And where do the dollars come from that pay the salaries of faculty to do research? Undergraduate tuition.  (Today it is not uncommon for star faculty to be making well over $300,000 per year with many not ever teaching undergraduates.) Much of the increased cost of undergrads going to college is the cost of the ever-greater research programs, and star faculty salaries, needed to maintain, or increase, rankings.

 

I suspect as part of this arms race is faculty teach fewer classes per year. This means a larger faculty and each faculty member has more time to devote to research.

 

 

Edit: Also universities want to move in, and stay in, the Association of American Universities, which is based on amount of research. Univ. of Nebraska and Syracuse University were removed in 2011. I know Indiana University is worried so they are trying to start an engineering program in hopes of more research funding.

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Eric, I think your recent encounters with attorneys is affecting your feelings towards them. I don't blame you for that though!

 

 

My Sacramento divorce attorney charges a crippling $450 per hour.  It is the going rate.

 

Eric:

 

That very well may be.  I am also sorry to hear that you even the need the services of a divorce attorney...

 

HOWEVER, I am going to guess that you are going to a top 10% divorce attorney...perhaps even a top 1% divorce attorney.  Sure, those guys MIGHT make plenty of money, but they are far removed from the average.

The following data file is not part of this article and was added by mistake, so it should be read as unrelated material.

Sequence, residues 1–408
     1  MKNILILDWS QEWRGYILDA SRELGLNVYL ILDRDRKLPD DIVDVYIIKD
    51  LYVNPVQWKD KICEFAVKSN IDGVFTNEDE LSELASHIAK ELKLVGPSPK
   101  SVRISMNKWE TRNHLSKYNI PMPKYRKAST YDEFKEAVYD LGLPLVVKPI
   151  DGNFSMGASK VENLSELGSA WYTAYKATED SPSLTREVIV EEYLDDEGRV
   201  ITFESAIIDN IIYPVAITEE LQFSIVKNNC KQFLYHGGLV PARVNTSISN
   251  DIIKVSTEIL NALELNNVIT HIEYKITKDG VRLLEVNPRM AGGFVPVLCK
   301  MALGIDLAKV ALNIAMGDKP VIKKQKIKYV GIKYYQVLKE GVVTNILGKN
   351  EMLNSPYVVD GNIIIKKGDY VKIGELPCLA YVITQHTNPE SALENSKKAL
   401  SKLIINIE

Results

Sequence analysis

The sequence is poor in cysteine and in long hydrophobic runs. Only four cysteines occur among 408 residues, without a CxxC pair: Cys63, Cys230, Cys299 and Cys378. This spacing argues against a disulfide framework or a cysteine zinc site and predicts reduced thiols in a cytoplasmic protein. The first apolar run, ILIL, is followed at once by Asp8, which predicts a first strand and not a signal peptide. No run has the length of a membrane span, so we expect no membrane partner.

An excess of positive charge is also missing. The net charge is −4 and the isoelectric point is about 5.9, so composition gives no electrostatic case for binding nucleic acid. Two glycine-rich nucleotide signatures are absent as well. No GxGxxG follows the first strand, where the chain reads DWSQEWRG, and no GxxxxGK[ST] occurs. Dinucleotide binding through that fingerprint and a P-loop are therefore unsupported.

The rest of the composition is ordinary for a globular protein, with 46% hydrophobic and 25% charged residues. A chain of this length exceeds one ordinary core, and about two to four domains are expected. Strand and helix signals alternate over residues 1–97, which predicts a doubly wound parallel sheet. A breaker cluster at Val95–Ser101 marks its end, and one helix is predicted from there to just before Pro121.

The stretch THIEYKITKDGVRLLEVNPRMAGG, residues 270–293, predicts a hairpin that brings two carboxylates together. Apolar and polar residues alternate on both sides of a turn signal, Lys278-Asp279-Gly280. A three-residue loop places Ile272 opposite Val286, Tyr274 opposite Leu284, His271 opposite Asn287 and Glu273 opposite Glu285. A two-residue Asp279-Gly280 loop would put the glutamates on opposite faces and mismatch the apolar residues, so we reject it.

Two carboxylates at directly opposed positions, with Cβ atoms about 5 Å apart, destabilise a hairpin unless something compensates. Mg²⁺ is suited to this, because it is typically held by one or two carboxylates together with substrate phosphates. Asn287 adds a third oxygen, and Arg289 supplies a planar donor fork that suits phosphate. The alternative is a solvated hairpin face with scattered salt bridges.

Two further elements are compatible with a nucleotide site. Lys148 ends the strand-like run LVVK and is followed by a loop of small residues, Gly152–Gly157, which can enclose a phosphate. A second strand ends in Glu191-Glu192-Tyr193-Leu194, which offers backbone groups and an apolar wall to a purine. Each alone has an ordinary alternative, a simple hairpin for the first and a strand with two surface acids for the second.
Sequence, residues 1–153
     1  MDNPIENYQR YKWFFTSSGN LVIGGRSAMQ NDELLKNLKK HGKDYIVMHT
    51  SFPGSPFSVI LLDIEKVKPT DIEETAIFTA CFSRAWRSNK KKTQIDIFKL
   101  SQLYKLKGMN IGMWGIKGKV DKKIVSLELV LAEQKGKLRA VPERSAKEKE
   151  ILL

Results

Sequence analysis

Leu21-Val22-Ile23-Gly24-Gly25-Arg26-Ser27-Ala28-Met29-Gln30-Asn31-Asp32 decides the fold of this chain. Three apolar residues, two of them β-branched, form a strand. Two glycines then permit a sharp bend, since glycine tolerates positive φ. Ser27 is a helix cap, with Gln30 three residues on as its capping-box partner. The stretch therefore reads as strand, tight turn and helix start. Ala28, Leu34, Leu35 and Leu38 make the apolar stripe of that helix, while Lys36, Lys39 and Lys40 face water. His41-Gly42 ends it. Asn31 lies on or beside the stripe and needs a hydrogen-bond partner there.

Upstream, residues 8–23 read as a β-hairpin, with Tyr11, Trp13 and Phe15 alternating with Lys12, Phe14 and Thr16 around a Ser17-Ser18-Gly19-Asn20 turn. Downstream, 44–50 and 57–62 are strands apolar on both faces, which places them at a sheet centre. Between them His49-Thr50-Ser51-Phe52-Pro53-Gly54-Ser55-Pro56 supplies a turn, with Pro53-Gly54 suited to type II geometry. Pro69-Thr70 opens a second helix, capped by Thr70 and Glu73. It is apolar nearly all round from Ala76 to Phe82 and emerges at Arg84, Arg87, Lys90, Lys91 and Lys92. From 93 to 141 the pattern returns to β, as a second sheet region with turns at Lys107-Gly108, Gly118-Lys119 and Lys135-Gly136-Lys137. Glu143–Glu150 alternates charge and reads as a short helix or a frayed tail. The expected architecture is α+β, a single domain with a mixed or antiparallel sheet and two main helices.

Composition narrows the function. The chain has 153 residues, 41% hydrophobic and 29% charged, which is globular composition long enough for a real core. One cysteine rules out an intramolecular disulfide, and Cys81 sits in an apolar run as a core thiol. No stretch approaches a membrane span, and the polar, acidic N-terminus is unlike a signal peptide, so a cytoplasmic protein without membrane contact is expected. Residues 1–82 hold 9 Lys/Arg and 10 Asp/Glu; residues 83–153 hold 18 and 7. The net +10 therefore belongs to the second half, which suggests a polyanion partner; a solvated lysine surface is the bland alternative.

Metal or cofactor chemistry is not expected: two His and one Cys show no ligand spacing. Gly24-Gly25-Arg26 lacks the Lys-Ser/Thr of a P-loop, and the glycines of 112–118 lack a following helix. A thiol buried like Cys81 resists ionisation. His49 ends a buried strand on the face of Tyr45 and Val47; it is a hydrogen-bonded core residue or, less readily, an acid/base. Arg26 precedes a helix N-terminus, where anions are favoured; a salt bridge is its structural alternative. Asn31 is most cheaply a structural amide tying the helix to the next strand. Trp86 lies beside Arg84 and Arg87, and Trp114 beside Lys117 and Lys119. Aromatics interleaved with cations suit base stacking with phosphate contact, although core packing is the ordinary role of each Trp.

Also, just because somebody charges $450 does not necessarily mean that they bill 2,000 hours in a year.

 

I have an attorney friend who does primarily business law.  He is tied in to a wealthy ethnic minority in the metro area.  He does not charge $450/hour, but he bills at a good rate for the area....He has a few problems though.

 

A). He has to maintain an office.  Nothing outrageous, almost modest...but it is in a better part of town.  In the office he needs a phone & internet.  He also needs Westlaw/Lexis access.  He also needs state court rulings (books & updates).

 

B). He needs to maintain professional liability insurance

 

C). He needs to ADVERTISE in the ethnic newspapers.

 

His business is also variable.  Some months are good, some months are TERRIBLE.  When he pays for his necessary expenses...he is NOT making that good of a living.  In fact, he is making a TERRIBLE return on his time & investment.  He would have been WAY better off getting a "regular" job.

 

A lot of attorneys who can sometimes bill decent rates, get killed on the overhead & downtime.

 

 

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It is a very bi-nomial distribution....The top makes good money...very little in the middle AND HORDES of attorneys making very little $.